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Posted on: December 21st, 2015
Here at the Historic Kitchens were are faced daily with the myth that 18th-century meals did not include vegetables, or when they did, they were boiled to mush. In fact, there are thousands of lovely vegetable recipes included in cookery books and on table diagrams. Often these recipes will say “cook until done” or “to your taste”, which gives the cook the ability to determine what is done. Peas are especially beloved, and can be found in a wide variety of dishes, (though thankfully, not ice cream). This easy recipe would be a perfect side dish for our Beef Olive recipe. Enjoy!…See the full recipe
Posted on: November 28th, 2013
Grilled steaks have been part of the American diet for several centuries. This version does not use a seasoned rub but lets the flavor of the sauce, onions and horseradish complement the beef. Grillmasters should love this!…See the full recipe
Posted on: November 14th, 2013
Lamb and Rice dishes have been around for centuries. This simple but tasty pairing, with the addition of the eggs, makes a wholesome entree for any main meal.…See the full recipe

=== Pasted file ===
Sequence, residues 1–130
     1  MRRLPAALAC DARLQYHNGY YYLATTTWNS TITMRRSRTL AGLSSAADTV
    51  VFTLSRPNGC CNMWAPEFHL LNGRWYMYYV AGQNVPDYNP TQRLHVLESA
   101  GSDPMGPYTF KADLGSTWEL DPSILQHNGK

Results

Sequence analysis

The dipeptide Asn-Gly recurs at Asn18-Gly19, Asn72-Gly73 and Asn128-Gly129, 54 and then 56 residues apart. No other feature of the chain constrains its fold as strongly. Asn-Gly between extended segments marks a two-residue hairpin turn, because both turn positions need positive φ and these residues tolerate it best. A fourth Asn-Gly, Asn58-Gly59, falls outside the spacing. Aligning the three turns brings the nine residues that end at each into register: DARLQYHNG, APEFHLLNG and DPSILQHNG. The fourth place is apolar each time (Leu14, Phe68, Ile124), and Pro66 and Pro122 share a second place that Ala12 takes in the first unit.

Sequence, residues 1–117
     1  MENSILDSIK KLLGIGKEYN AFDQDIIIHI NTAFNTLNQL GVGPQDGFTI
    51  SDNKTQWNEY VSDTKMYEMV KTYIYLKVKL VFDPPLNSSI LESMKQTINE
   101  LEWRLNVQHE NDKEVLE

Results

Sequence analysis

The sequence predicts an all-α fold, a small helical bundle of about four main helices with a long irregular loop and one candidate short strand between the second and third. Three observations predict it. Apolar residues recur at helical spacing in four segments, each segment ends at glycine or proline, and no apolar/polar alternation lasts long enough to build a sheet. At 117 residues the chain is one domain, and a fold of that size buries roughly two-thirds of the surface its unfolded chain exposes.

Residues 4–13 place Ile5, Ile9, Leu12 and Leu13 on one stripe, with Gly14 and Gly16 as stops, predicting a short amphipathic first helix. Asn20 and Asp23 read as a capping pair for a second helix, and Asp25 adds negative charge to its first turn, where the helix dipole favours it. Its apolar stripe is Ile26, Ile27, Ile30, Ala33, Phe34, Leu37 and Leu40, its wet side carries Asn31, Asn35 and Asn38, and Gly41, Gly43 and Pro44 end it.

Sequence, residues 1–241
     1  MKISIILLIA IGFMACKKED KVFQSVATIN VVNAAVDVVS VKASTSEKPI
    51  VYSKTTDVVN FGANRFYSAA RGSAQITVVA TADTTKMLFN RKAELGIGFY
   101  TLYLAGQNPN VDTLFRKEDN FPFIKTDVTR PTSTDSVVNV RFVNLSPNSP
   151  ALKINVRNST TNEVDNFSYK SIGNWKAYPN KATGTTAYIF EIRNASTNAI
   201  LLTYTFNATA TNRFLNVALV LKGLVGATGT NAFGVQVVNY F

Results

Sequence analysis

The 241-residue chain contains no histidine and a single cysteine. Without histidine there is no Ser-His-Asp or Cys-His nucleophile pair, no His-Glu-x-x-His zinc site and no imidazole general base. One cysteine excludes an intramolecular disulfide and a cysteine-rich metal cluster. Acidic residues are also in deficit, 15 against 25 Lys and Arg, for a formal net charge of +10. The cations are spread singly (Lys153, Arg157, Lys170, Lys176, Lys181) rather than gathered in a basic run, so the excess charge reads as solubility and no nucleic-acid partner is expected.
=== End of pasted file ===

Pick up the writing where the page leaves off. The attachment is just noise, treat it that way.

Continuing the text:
Posted on: June 13th, 2013
The classic pairing of duck and orange was savored by the founding generation as much as it is today. Bacon and mushrooms lend richness and depth.…See the full recipe
Posted on: May 16th, 2013
A favorite dish in its day, this chicken pudding combines elements of a quiche and a cake. Savory yet wholesome, this dish could easily become a favorite in your family, too.…See the full recipe
Posted on: January 10th, 2013
It is hard to go wrong with pork. Rolled with a good stuffing inside, this dish has the added bonus of sauced apples and mustard. A taste tempting treat.…See the full recipe
Posted on: November 1st, 2012
Most of us are used to stuffing a turkey or chicken, but stuffing a red meat is Old World. This version is stewed, as opposed to baked or roasted. Red wine and garlic give it depth.…See the full recipe
Posted on: October 18th, 2012
Barley is a grain sometimes overlooked when rice, corn and wheat are predominant. This soup is almost a stew. Though simple in preparation, the meat and vegetables make it a dish that is filling and satisfying.…See the full recipe
Posted on: October 3rd, 2012
A neglected meat in modern America, rabbit is leaner than chicken and other fowl. The gentle cooking in butter and the final sauce accompanying this preparation is like a classic fricassee, a joy to the senses.…See the full recipe
Posted on: September 6th, 2012
Barbeque is a American adaptation that combines the Old World pig, a West Indian cooking technique, a Spanish word “barbacoa” describing the Taino and Carib peoples’ wooden hurdles, and time. It has to be cooked slowly and basted. Often a pit was dug into the ground and a whole pig was slowly turned over hot coals.…See the full recipe